PPS - Maryanne just informed me that I've got the cutlery the wrong way round... and she's right! Oops!
Valentine's day is obviously not my thing. I don't think I've ever received flowers and my Valentine inspired Project Run and Play outfit was an absolute disaster.
So instead - I present to you...
This is a retro- style back pack for your littlest friend. With an elastic and button closure it's easy for tiny fingers to find their most special treasures and the monogram makes it easily recognisable.
This is a variation of the pattern that I used for the love-letter mini clutch. Slightly change the shape, add a few straps and voila - a backpack! You'll notice a lot of similarities in the instructions.
What you'll need...
To start with, you'll need to draw up a super simple template. You will need four pieces of A4 paper, a pencil, a ruler, some sticky tape and a something circular so that you can create the backpack's rounded corners. I used a teacup.
Stick two pieces of paper together (with the long sides together) and fold in half lengthwise.
When folded in half, the width of the paper should be 15cm. Measure and mark 25cm from the bottom of your paper and draw a line the width of the paper. On this line measure and mark 10cm from the folded edge of the paper. Measure and mark 10 cm from the fold at the very top of your paper, too. Join the two 10cm markings together. Phew... this diagram is the best way to explain it, I think!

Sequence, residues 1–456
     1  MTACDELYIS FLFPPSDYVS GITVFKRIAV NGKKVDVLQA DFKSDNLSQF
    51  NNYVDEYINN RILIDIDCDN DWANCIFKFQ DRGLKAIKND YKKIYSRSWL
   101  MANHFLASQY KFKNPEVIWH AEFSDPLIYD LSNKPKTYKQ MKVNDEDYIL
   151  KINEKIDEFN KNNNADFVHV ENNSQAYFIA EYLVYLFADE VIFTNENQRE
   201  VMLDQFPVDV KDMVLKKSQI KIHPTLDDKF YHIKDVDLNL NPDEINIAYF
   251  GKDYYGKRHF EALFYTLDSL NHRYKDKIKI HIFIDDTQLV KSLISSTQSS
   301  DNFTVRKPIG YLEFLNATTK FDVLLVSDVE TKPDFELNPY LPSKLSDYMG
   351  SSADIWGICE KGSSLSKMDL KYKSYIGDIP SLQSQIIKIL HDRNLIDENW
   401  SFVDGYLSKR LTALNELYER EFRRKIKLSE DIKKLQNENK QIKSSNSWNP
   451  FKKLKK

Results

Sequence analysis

Next, grab your teacup and round off the corners on the unfolded side of your piece of paper. Just like this....
When you cut the template out, it will look like this....
We'll call this piece the back.
Next, take your two remaining pieces of A4 paper and tape them together in the same way. Fold your paper in half lengthwise. Measure and mark 25cm from the bottom of the paper and draw a line across the width of the paper.
Round off the outside corners with the teacup again. When you cut and open your template it should look like this
We'll call this piece the front.
(apologies for the terrible photo - it looks like some weirdo shadow puppet...)
Now it's time to cut your fabric. You'll need
When you have cut your fabric and assembled your notions, you should have a collection that looks a little like this...
Before you start sewing, fuse the interfacing to the wrong side of your outer fabric.
Let's start with appliqueing the monogram. You need to draw the monogram onto the papery side of the heat and bond. Remember that if it isn't a symmetrical letter you'll need to draw it in reverse. I drew mine by hand, but you can print out a template from your computer if you want to use a fancy font.
Carefully cut it out and position it on the right side of the back piece of the outer fabric. Place the bottom of the letter about 5cm from the bottom of the narrow end of the back piece. (This part of the back will end up being the front flap of the back pack.) Carefully fuse.
Machine applique the monogram. Zigzag or straight stitch? It's up to you....
Measure the loop of elastic around your button. Attach the loop under the letter that you have appliqued about 1 cm from the bottom of the flap. make sure you reinforce it by stitching over it a number of times. The loop needs to be facing the monogram.
Next, you need to make the straps.